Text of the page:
Undone syntactic ambiguity vs. semantic ambiguity
Traditionally, when considering ambiguity, one thinks of syntax and semantics. Whereas syntax is concerned with the grammatical arrangement of words in a sentence, for example, semantics deals more with meanings of words and sentences.
This was in the form of syntax, as opposed to syntax and semantics. At the same time, however, I wanted the program to ignore those sentences that were, in practice, unambiguous, that is, syntactically ambiguous only, after considering both the syntax and semantics.
The system was based on the Plink parser. [Huyck 94]
In doing my program and project, I was able to use and explore the many features associated with the chart parser Plink, and gained a valuable insight into the complexities of ambiguity and grammar rules, which were the foundation of the parsing process. The program I developed was done so in conjunction with knowledge of the formation of grammar rules and why a sentence would be perceived to be ambiguous.
A grammar was derived
The sample text was taken from
One of the conditions of the project was that it contained some relevance to Requirements Engineering, so the particular piece of text utilised was an extract from a requirements specification, which is a component of Requirements Engineering, written in natural language.
In order to execute this project therefore, there were certain needs.
The first of these was a requirements specifications document, which initially was used to define parsing rules, by analysing the sentences it contained. The most obvious other requirement was adequate grammar. Another requirement was a suitable parser, which would utilise rules that needed to be established, and which would therefore constituted another distinct need. These rules were programmed into a chart parser known as Plink, which I utilised for my project and which uses the programming language Common Lisp. Once this was established, the relevant requirements specification document was needed to test the program. This dealt with the first part of the project, that is, highlighting ambiguous sentences.
This left the second part, that is, ignoring the semantically unambiguous sentences.
Each word has one or more senses, as it may be utilised in different situations. Therefore, for a requirements specification document, the total number of senses may be very large. These different senses can be organised into a set of broad classes of objects, by which the world is classified. The set of different classes of object in an interpretation is known as an ontology.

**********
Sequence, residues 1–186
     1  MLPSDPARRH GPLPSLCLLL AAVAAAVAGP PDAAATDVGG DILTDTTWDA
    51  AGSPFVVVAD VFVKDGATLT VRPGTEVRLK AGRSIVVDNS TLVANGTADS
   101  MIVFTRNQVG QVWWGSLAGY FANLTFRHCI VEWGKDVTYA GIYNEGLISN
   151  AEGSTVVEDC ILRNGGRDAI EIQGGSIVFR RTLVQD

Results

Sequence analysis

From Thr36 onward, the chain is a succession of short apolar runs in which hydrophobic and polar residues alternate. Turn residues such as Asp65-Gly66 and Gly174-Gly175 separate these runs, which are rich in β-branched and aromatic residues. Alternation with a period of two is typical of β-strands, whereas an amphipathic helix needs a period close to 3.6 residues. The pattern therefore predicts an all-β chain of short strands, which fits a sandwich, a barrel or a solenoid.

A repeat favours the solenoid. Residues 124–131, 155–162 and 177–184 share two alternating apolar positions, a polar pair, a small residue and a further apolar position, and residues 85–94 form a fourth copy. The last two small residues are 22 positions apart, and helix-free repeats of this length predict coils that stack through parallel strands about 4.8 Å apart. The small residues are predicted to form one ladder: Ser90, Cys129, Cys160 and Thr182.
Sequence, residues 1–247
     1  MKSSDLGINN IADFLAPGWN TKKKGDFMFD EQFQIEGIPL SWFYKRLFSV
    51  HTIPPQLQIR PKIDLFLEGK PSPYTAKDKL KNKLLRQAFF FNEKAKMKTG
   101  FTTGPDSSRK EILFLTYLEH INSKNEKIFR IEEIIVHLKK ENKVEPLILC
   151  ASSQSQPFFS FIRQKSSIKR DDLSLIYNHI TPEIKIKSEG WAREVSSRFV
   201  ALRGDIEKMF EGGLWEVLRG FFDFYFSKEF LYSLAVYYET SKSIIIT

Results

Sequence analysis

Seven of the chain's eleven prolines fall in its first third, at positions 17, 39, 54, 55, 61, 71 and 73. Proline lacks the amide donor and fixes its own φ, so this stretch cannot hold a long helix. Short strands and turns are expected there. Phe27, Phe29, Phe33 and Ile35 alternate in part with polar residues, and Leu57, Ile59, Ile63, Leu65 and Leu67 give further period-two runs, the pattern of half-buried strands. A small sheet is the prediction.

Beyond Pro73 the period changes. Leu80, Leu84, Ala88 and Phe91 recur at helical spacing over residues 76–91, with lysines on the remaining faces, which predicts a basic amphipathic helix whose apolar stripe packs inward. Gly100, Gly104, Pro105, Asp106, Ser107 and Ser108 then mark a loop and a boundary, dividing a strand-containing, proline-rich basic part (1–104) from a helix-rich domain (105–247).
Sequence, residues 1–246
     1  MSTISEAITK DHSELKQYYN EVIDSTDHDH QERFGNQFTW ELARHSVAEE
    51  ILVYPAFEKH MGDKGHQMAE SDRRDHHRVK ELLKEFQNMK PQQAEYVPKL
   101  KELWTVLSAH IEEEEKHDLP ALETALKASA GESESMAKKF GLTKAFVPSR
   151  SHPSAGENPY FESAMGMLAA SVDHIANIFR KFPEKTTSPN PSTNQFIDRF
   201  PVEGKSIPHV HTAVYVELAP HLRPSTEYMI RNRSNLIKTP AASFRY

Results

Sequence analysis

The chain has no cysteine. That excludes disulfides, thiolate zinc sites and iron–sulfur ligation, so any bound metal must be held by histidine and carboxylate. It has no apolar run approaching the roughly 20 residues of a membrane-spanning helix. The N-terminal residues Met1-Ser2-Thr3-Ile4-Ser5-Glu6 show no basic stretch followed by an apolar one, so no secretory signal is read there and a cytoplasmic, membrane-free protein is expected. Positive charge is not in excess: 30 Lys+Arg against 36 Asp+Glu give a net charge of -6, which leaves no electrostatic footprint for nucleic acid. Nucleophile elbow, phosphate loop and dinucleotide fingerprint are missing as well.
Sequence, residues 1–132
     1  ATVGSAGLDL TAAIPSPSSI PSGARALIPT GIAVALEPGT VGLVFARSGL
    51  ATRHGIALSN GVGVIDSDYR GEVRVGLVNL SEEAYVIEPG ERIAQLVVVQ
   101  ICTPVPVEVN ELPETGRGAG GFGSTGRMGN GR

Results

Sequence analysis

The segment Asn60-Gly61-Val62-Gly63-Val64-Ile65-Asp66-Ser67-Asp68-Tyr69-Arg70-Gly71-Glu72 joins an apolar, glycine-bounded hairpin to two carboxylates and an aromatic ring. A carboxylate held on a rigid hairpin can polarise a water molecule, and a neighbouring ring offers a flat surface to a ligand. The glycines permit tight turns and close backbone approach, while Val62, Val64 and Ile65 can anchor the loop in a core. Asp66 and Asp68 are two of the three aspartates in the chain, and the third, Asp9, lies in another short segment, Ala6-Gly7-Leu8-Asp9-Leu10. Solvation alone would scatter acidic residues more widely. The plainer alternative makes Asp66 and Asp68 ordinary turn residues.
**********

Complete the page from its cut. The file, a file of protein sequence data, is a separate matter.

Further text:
The relevant ontology could be used in conjunction with special types of frames known as case frames, for example.
With Plink, a function known as ‘print-chart’ or ‘pc’ had the effect of displaying the total number of arguments, or possibilities, for every plausible node combination in a sentence, as well as the total number of arguments and constituents for certain parts of the sentence. This included the total number of possibilities including the first and last nodes, that is, the entire sentence including the full stop. I inferred that if a complete sentence had more than one possibility, then it could be deemed as ambiguous. This was later confirmed. Therefore, I decided that I needed to write a program that would somehow count the total number of possibilities, and hence decide whether or not a particular sentence was ambiguous.
We decided that we wanted my program to be able to display sentences that were ambiguous, but ignore ones that were not. Therefore, the next step was to formulate an equation that incorporated the length function in order to solve the problem.
I decided that a sentence would be deemed ambiguous if it had more than one complete intepretation. It was notambiguousifthelength was less than two, that is, one, or even zero. This is because the grammar would not necessarily give an interpretation for each sentence.
The program works well with the information that it has, and does so with the use of complex grammar rules and a relatively large lexicon, which form the foundation of the system, and upon which it is dependent.
My project produced only two parsed sentences, both of which had two or more interpretations with the particular grammar rules utilised.
The aim of the second part of my project was to amend the existing program, or create a new one, so those sentences that were syntactically ambiguous only would be ignored.
I decided that, if the program were to be able to differentiate between different types of nouns, verbs etc., then the relevant case frames generated should contain some sort of distinction for the type of words contained within for the relevant entities. This would have been achieved by incorporating an ontology into the system and, therefore, would have involved the construction of one.
I was expecting each sentence to have at least one interpretation, or possible argument. The reason that this was not the case is due purely to the fact that the particular grammar rules I had were insufficient. This is in terms of complexity, as opposed to content. As a result, there were not enough possible combinations to support the relevant sentences that I had. This clearly suggests that in order to achieve accurate results, more time needs to be invested into the formation of grammar rules.
As one can see, ambiguity is an extremely real aspect of text-based Natural Language Processing. Now, it is easy to speculate that with a more comprehensive grammar, the results would, potentially, have been more accurate. However, by introducing a larger grammar, the amount of prospective ambiguity will also increase, thus creating even more problems.